High-functioning addicts often experience significant internal stress, anxiety, and emotional trouble that leads them to drink or use drugs. This internal struggle is frequently masked by their outward success, which often leads to a misconception of their need for treatment and psychological support. Many individuals with a functional addiction use drugs or alcohol as a coping mechanism for underlying psychological or emotional problems. Without addressing the root cause of addictive behaviors, addiction can exacerbate these internal problems.
Impact on Personal Relationships
Despite maintaining their outward appearance, addiction can strain personal relationships and social life. The need to hide the addiction can generate issues with trust and communication with loved ones. Over time, concealing the alcohol or drug abuse and addictive behaviors can lead to social isolation, further intensifying feelings of loneliness and depression.
Even if someone with a high-functioning addiction is performing well at work, their addiction can still lead to subtle decreases in productivity, errors, or coordination. When addiction causes problems in the workplace, this can pose several safety risks, especially in jobs that require high levels of concentration or physical coordination.
Risk of Escalation
There is always a risk that the addiction will escalate when struggling with drug or alcohol use. A functional alcoholic or drug addict might gradually increase their substance use or partake in more risky behaviors, leading to a point where they can no longer manage their day-to-day routine or responsibilities.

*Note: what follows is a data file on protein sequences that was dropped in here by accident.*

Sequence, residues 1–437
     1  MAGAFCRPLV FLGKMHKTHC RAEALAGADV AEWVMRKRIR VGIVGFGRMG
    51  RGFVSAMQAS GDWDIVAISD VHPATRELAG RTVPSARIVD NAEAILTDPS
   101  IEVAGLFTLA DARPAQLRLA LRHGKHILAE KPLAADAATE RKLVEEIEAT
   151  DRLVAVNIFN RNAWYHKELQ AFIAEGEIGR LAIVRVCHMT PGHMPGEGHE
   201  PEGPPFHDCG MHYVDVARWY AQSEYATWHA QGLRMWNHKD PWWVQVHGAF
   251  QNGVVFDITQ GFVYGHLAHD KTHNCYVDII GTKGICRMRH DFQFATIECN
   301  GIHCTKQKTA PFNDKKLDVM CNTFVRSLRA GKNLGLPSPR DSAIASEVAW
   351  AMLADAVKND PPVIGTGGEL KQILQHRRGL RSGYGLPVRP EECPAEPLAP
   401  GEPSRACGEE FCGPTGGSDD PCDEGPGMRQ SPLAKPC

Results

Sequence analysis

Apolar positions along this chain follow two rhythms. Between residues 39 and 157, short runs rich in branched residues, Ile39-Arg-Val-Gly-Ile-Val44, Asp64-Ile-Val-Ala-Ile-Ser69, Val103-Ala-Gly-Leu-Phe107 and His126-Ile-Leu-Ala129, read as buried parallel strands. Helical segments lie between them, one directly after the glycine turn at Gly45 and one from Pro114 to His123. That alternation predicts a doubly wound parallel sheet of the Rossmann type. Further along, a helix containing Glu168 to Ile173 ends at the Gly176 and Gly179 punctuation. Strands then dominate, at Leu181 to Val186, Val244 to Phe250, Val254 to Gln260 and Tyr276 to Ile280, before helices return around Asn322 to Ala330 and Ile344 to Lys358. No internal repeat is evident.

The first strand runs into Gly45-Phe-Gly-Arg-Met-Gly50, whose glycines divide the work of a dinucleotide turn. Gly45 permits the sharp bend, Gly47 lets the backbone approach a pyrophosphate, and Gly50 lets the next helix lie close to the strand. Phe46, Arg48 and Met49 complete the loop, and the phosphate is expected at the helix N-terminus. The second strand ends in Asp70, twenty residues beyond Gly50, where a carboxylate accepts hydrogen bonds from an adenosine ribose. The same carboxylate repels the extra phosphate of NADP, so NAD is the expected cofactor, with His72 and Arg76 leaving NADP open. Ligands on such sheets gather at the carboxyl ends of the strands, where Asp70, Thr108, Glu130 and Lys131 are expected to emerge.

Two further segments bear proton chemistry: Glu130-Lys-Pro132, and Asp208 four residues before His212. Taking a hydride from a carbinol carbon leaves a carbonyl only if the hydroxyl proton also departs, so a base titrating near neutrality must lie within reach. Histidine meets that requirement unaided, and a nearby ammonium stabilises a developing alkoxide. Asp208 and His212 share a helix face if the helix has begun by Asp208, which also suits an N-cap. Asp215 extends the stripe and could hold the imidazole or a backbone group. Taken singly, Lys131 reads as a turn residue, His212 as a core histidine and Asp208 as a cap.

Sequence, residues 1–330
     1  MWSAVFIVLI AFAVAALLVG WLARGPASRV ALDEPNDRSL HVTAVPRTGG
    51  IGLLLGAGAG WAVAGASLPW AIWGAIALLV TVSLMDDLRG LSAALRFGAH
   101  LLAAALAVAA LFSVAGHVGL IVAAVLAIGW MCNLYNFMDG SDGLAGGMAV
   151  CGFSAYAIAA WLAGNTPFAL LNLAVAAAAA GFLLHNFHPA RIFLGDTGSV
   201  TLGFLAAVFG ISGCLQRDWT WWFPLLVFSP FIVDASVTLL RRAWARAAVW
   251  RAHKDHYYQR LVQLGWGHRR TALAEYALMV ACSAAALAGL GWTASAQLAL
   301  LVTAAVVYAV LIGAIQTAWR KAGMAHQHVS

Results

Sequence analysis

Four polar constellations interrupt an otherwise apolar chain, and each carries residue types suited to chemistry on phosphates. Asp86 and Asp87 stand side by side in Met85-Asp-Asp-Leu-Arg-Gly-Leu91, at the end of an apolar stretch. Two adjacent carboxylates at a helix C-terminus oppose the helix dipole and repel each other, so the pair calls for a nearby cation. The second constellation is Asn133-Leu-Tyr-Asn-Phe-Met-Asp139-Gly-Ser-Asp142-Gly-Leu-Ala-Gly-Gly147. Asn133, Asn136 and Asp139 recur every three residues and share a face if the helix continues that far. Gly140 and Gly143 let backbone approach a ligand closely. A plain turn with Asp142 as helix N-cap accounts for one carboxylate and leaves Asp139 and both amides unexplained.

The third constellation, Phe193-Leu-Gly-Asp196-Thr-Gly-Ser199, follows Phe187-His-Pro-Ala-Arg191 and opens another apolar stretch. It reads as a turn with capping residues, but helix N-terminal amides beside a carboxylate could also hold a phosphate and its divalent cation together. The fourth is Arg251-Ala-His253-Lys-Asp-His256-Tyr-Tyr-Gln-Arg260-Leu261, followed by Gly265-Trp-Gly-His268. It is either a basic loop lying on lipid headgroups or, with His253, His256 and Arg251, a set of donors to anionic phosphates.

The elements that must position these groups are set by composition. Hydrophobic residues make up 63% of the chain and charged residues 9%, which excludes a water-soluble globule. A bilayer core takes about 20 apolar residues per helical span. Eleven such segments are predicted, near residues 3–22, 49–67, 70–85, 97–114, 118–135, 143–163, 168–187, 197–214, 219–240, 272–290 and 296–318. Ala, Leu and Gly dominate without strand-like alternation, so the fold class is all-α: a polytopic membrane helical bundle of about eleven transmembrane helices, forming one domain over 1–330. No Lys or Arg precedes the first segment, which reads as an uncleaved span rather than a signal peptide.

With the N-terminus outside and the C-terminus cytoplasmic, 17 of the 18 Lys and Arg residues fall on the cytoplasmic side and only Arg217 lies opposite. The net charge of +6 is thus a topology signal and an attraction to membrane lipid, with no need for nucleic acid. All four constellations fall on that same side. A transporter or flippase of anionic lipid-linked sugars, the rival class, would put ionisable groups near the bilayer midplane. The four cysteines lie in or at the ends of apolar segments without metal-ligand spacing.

Denial and Lack of Support
As a result of their capability to function in many areas of their life, high-functioning alcoholics or drug addicts and their loved ones may be in denial about the dangers of the addiction. This ignorance can make it challenging to seek or receive appropriate treatment and support for substance abuse. Additionally, the impact addiction has on personal relationships causes many to be distanced from family members and friends, leading to a lack of social support.
Treatment Approaches for Functional Addictions
With the common misconception of functional addictions, they often require a comprehensive and tailored approach to treatment, incorporating a balance of addiction treatment and professional counseling. Evidence-based therapies and addiction treatment programs can effectively address the root of the addiction and the underlying issues contributing to it. Cognitive behavioral therapy (CBT) is a beneficial therapy that helps individuals identify and resolve destructive thought patterns and behaviors. When someone is struggling with substance abuse and a mental health disorder, this is known as a co-occurring disorder, which is effectively treated with a dual diagnosis treatment program. Treating a co-occurring disorder ensures that both the addiction and the underlying mental health issues are addressed simultaneously in drug and alcohol rehab.
Seeking peer support and attending recovery support meetings like Alcoholics Anonymous (AA) or Narcotics Anonymous (NA) helps individuals with functional drug or alcohol addictions receive encouragement and support for long-term recovery. Healthy lifestyle changes like regular exercise, a good sleep schedule, and a nutritional diet can significantly facilitate addiction recovery. While the path to recovery from a functional addiction is unique, treatment centers tailor treatment plans to suit the specific needs and circumstances of each patient.
You don’t have to continue managing a functional addiction on your own; we are here for you. Reach out to Coastal Detox today for the treatment and support you deserve.
- National Library of Medicine, 2014. “High-functioning addicts”: intervening before trouble hits.
- National Institute on Drug Abuse. Drugs, Brains, and Behavior: The Science of Addiction.
- National Institute of Mental Health. Substance Use and Co-Occurring Mental Health Disorders.
- Alcoholics Anonymous. AA.
- Narcotics Anonymous. NA.